“Half memoir, half travel, A Yank Back to England...is an absolutely wonderful book, not only about going home again but also about love and family and tradition and the passage of the years.”
—Michael Dirda, Pulitzer Prize-winning literary critic (Washington
To see the entire quote, click here.

Sunday, March 15, 2009

Beware the Ides of Deal

As we ambled back across the wide promenade, Kate ran ahead to look at the sea. Frances found a plaque marking the spot where Julius Caesar first came ashore fifty odd years before the birth of Christ.
“At least he landed in a better part of Deal than we did.” I sounded sour, unconcerned with historical significance. We had been promised a coastguard’s cottage, and a coastguard might have lived in our cottage at one time, but there were no nautical knickknacks or seafaring foolery at our end of town.
“Oh, please, cheer up.” Frances was delighted to find the plaque. Caesar and Rome had supplanted Merlin and Camelot in her literary interests, a case of might over magic.
“Only kidding. Only kidding.” I shrugged and looked up at the sky.
Frances shot me a glance with the hint of a smile. “And don’t make it rain!”
“Who, me?” I smiled back. “Wouldn’t dream of it!”


Anonymous said...

Interesting, never realised there was such a plaque. I used to live within metres (about 10) from where Simon Bolivar landed to liberate Peru on Playa El Chaco. That was a little more recently than ceasar's landing.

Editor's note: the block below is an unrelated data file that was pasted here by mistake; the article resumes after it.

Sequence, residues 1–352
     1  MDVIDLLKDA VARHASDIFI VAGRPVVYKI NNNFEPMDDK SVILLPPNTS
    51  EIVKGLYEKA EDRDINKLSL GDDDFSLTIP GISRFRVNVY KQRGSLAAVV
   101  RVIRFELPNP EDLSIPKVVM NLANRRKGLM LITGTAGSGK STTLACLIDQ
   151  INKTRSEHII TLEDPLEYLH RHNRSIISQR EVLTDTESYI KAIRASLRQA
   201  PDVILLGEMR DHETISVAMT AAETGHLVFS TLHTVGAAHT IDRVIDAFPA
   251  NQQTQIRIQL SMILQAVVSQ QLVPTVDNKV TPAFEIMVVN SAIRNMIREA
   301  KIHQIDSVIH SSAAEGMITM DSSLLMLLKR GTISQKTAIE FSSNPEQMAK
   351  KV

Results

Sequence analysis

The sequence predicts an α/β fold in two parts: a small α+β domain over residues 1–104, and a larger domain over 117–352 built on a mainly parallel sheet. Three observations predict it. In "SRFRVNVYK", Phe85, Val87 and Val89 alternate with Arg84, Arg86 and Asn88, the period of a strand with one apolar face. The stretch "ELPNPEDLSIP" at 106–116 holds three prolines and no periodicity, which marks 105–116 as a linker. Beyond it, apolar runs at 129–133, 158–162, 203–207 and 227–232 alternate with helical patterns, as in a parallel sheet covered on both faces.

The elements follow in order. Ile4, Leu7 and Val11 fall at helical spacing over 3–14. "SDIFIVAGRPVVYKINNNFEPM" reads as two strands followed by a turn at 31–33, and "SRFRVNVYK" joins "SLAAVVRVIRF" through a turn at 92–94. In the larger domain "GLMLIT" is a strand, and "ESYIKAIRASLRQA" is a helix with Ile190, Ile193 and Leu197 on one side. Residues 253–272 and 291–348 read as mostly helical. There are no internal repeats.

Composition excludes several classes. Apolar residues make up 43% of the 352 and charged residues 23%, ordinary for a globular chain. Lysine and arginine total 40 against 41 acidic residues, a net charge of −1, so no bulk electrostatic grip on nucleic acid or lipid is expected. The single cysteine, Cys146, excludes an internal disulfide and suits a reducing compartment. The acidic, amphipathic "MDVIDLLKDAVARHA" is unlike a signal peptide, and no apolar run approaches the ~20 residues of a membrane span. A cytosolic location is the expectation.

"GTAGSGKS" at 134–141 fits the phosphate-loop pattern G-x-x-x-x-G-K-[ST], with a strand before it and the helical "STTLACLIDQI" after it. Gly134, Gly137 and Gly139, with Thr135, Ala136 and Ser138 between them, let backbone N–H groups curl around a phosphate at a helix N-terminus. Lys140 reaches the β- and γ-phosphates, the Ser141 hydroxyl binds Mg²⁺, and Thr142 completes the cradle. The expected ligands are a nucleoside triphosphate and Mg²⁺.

The Prodigal Tourist said...

How fabulous--is there a place or marker there? It's so exciting to walk where the greats have walked, imagine their presence, isn't it? Of course, the big difference between Bolivar and Cesear is that the latter had no intention of freeing anybody!

willow said...

I would be exactly like Frances, absorbing all the historical vibes!!

Anonymous said...

Wonderful! Its amazing to think of someone so eminent as Julius Caesar walking in the same place as you are, centuries beforehand...Kind of makes ya think how much has changed.

Anonymous said...

Not at the actual site, but on the dunes behind the township there is a large monument. I'll track down a photo at home and post it on Tomus Arcanum. Take a couple of days, I am restricted to using the net at work at the moment.